At inaugural Health Care Explorer Camp, young people learn by actually doing

They prepared a mock victim for transport by helicopter. They toured the human body at a cadaver lab. And they practiced diagnosing patients in state-of-the-art nursing simulation rooms where mannequins blink, talk and, if something goes wrong, lose color in their toes.

It’s safe to say this was no typical week of summer.

At the inaugural Health Care Explorer Camp held earlier this month in New Jersey, 10 Explorers ages 14 to 18 got a hands-on introduction to the fast-paced, challenging field of medicine.

Like all Explorers, they didn’t just read about the career that interests them. They actually experienced it.

Exploring is the BSA’s career exploration program for young men and young women. It’s built on the concept that you learn best by actually doing things. Explorers discover their future in one of 12 career fields, ranging from arts and humanities to social services.

The Explorers participate in a wilderness first aid course.

Learning from the best

The health care Explorers didn’t have to look far for role models. At every stop, they met professionals who are working every day to save lives, cure ailments and advance the field of medicine.

Some of the highlights:

  • Meeting EMTs from Monmouth Ocean County Hospital Service Corporation who demonstrated a helicopter rescue.
  • Visiting the Rutgers Robert Wood Johnson Medical School cadaver lab in Piscataway, N.J., where people have chosen to donate their bodies to science and learning. There they chatted with Dr. George Mulheron, who gave a tour of the human body with a hands-on discussion of the brain, heart, lungs and view of the workings of the knee joint.
  • Touring the Rutgers School of Nursing Simulation Laboratory, in New Brunswick, N.J., with Professor Tita Viray. At this state-of-the-art simulation lab, they met “Checo,” a young mannequin boy, and listened to his lungs and took his pulse. They also met “Jovanni,” a mannequin burn victim who spoke, had simulated burns on his legs, became cyanotic (blue color in toes to simulate lack of oxygen) and blinked his eyes.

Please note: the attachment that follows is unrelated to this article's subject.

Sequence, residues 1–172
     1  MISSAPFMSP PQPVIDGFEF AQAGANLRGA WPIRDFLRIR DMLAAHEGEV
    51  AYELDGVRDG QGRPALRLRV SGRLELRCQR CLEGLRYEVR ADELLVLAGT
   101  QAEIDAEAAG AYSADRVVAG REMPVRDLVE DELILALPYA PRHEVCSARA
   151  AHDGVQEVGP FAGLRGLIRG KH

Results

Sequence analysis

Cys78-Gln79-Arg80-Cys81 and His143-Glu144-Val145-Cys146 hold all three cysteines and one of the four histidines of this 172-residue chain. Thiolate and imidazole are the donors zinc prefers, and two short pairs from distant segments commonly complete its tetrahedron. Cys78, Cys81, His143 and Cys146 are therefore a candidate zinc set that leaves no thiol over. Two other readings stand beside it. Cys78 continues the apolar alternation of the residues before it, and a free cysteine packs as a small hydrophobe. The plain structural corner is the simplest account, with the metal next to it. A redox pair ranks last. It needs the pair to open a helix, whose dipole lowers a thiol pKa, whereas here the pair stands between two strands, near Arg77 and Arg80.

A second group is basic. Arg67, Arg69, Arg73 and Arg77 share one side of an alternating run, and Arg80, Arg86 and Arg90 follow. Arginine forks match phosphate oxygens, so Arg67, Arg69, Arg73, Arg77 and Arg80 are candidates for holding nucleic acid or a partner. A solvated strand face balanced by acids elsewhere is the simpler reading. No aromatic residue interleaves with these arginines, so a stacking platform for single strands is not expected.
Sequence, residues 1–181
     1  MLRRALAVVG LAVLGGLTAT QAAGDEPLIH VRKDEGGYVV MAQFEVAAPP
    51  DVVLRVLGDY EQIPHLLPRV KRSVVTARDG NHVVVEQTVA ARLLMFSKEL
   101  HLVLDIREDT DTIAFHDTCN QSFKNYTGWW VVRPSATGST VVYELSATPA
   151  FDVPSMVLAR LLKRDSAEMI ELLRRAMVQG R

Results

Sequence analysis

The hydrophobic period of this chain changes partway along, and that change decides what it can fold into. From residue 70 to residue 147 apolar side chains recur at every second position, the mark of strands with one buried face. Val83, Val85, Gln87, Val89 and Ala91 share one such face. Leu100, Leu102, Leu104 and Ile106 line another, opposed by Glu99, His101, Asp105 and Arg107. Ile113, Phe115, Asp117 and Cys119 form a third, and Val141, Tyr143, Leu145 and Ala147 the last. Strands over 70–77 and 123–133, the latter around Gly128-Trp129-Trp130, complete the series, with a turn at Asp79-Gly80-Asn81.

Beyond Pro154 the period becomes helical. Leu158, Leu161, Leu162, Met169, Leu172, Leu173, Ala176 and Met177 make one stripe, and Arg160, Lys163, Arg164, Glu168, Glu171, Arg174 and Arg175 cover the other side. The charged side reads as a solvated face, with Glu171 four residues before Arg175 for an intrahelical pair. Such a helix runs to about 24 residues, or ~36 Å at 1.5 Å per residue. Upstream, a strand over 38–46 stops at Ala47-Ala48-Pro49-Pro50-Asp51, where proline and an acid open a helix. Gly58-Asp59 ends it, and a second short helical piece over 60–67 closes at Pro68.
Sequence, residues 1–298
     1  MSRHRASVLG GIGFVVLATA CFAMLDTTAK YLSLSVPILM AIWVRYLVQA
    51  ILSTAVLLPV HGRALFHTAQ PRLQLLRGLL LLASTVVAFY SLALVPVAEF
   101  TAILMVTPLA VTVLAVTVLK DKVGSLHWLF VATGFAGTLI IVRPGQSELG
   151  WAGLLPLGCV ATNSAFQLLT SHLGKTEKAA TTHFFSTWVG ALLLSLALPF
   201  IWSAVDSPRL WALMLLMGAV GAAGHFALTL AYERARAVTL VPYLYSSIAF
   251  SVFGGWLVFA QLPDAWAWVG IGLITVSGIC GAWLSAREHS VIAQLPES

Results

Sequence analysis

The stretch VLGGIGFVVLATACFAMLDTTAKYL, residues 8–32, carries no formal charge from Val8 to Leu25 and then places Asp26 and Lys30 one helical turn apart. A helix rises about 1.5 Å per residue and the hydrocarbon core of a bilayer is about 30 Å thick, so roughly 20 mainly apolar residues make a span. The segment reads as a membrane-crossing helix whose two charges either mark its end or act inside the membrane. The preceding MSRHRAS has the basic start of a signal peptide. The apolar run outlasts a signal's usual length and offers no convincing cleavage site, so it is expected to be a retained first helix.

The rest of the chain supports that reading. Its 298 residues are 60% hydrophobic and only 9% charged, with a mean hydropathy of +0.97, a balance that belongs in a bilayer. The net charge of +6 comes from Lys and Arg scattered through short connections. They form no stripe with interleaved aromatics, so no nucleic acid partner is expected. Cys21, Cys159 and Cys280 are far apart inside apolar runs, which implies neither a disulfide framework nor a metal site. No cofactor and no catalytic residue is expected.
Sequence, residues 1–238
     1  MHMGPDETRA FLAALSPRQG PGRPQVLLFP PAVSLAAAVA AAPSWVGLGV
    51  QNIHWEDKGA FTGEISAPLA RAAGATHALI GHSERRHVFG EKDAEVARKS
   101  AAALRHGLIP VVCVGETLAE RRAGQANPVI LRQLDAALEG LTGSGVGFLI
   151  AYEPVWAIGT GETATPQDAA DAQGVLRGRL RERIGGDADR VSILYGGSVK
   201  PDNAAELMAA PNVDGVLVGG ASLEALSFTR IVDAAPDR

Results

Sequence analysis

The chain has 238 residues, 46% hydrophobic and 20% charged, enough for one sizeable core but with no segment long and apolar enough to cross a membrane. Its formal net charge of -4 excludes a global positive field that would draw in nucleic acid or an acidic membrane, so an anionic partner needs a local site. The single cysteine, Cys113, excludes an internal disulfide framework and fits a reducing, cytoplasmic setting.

• Hearing from lunchtime guest speakers, including Jerry Ceres, who discussed electronic medical records; Gerry Case, a retired physician assistant; and Linda Hassler, who spoke about the various specialties in nursing. Tim Hogan, Regional Vice President for Bayshore and Riverview Medical Centers and president of the BSA’s Monmouth Council, gave the graduation address on various careers in health care.
  • Completing the 16-hour Wilderness First Aid certification course, including in-pool water rescues and CPR certification classes.
The Explorers practice water rescues in the pool.

Enjoying some downtime

Even with all that hands-on learning they couldn’t get anywhere else, the Explorers still had time (and energy) for even more fun.

They saw a movie, went bowling and perfected their swing at the driving range. They spent each night at Quail Hill Scout Reservation in Manalapan, N.J.

“I enjoyed learning about the different career opportunities available,” says Chelsea Chen, a 17-year-old Explorer.

Another of the Explorers, 17-year-old Erin Wong, thanked volunteers like Linda Hassler and BSA professionals like district executive Priscilla Borges for coordinating the week.

“Thank you for making it such a fun and immersive experience,” Erin says.

One of the Explorers experiences the effects of aging by wearing glasses that affect her vision and trying to organize colored dots.

What’s next?

The council plans to run the event again in 2019, so stay tuned to the council’s website.